We don’t like to come across cases that are filed by “The Estate of…” particularly when the estate belongs to a 13-year old boy. But such is the case we report today. The boy’s parents allege that the boy was pushed out of a school bus, or that he fell out of the bus through the rear exit door while the bus was going 65 MPH over a poor surface. They sued the district alleging negligence in the operation of the motor vehicle. We reported a preliminary ruling in that case on April 18, 2019, when the court dismissed most of the legal theories, but allowed the case to proceed based on allegations of excessive speed. That case is still pending. There is also a case pending against parties involved in the design, manufacture and sale of the school bus.
But today we report on a separate legal action that deals with what happened after the boy’s death. The boy’s parents, acting as representatives of his estate, allege a conspiracy to intentionally and falsely portray the boy’s death as a suicide. There are multiple defendants in this case including the school district, the superintendent and various county and law enforcement personnel. The defendants vehemently deny any wrongdoing in connection with the investigation of the incident or the conclusions they reached.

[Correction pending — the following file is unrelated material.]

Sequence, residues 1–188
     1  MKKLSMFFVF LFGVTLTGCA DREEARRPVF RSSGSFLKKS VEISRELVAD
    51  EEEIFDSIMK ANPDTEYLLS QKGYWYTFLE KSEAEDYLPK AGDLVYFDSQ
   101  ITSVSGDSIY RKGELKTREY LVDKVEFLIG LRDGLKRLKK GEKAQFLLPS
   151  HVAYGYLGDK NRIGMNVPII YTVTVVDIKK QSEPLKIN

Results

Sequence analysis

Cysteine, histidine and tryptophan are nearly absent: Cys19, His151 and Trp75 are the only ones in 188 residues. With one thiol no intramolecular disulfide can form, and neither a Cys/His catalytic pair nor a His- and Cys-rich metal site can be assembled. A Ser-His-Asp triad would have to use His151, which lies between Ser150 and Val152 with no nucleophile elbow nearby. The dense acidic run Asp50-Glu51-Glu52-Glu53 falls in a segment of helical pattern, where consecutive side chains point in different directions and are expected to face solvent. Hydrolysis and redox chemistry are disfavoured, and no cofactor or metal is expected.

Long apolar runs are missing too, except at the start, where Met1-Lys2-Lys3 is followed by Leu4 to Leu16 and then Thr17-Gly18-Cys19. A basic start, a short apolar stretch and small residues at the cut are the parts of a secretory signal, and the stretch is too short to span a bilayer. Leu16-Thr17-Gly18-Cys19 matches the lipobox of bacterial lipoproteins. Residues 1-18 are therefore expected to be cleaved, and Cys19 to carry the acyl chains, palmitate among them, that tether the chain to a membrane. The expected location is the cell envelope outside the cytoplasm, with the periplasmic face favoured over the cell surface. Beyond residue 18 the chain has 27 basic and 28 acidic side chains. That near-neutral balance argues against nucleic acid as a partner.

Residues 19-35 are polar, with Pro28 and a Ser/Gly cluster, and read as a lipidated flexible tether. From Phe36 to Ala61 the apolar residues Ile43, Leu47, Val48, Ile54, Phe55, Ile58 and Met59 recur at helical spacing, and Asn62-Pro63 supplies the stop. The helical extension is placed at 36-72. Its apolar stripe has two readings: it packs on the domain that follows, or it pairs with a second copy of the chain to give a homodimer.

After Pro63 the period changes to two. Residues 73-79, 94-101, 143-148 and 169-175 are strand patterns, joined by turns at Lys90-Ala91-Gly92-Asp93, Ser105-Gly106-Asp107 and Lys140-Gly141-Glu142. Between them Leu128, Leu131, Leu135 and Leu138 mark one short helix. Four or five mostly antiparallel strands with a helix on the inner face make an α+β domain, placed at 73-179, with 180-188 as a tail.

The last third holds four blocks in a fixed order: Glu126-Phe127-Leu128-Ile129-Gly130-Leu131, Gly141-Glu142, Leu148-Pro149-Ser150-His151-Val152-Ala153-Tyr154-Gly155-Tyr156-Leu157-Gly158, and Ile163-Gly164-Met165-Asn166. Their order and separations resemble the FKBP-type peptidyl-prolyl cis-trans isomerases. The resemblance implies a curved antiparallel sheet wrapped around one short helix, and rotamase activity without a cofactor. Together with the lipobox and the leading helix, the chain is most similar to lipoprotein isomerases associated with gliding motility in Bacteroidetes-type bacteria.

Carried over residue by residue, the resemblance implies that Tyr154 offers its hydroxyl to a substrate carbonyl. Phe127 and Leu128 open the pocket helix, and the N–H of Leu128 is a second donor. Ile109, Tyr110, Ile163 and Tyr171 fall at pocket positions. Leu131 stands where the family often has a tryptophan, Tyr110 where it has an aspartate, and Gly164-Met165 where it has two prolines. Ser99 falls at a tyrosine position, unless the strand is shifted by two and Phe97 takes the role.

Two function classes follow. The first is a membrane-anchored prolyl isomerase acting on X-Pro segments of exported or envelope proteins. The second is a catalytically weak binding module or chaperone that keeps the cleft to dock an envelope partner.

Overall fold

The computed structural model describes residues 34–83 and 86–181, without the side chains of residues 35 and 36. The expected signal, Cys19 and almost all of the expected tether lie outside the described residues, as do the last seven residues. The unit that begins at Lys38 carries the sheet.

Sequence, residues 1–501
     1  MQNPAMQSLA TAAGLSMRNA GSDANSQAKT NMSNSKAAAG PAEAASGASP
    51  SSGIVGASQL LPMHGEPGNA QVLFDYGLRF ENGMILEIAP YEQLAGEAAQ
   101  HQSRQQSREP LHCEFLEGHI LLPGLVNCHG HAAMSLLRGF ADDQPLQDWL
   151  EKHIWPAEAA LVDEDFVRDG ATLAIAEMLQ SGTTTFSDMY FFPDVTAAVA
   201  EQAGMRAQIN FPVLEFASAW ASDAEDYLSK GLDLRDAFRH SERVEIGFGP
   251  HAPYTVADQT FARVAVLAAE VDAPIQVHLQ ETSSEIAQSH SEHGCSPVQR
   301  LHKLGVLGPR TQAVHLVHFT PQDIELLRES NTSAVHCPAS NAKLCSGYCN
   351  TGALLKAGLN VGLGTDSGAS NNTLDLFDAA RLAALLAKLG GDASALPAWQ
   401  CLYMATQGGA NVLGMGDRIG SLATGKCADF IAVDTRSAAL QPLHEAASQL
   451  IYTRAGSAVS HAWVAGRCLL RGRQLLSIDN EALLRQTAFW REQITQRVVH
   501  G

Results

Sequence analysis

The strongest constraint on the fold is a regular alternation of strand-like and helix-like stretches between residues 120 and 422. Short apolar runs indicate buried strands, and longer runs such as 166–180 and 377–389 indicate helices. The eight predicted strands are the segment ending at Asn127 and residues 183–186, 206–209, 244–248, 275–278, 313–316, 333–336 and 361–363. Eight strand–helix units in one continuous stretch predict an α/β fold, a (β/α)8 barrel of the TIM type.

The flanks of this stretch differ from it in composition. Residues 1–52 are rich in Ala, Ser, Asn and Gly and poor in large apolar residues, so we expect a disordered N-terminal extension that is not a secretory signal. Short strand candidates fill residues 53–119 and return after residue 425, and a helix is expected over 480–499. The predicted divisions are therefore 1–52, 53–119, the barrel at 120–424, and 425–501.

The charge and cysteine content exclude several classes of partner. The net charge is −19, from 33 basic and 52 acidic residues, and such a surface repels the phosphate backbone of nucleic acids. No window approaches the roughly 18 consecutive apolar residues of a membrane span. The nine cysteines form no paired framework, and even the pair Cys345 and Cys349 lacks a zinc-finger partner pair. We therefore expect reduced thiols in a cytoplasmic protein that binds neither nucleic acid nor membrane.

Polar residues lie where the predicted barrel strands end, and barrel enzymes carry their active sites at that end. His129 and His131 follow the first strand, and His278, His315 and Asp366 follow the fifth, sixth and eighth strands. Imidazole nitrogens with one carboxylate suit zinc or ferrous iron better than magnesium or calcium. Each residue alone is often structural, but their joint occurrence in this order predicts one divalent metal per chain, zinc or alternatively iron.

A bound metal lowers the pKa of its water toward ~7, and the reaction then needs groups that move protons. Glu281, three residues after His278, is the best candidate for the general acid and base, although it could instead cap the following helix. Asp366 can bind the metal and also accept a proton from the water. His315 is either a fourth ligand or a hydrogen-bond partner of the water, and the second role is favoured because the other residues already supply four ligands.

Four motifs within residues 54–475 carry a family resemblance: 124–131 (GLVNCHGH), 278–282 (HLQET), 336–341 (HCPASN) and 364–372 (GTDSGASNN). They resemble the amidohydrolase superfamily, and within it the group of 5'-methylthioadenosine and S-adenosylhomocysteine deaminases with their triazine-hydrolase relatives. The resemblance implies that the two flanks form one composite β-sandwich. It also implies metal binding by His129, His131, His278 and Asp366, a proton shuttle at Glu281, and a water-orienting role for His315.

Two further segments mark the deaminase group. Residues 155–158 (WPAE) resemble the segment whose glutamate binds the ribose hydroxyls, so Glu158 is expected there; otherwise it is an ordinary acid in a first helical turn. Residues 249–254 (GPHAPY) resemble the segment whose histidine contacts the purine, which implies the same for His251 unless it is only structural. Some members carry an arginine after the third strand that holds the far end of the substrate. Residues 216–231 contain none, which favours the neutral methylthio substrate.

The court has now dismissed all of the claims in this lawsuit. The court did not sort out the factual disputes between the parties, but relied instead on the legal concept of “standing.” The court held that the parents lacked the “standing” to pursue claims about what allegedly happened after their son’s death. A suit over how the boy died and who was at fault is one thing, but a suit over actions taken after the death is another. The court held that the Estate lacked the legal “standing” to pursue any such claims. Therefore the court lacked jurisdiction. Case dismissed.
Lawyers in our firm’s San Antonio and Rio Grande Valley offices filed the Motion to Dismiss and persuaded the court that dismissal was the proper outcome. Kudos to Katie Payne and Leandra Ortiz for excellent lawyering in a difficult case. The case is Estate of Gabriel Miranda, Jr. v. Harlingen CISD, decided by the federal district court in the Southern District of Texas on February 18, 2020.
DAWG BONE: IF YOU DON’T HAVE “STANDING” THE COURT HAS NO JURISDICTION.
Tomorrow: big pay cut for the A.D.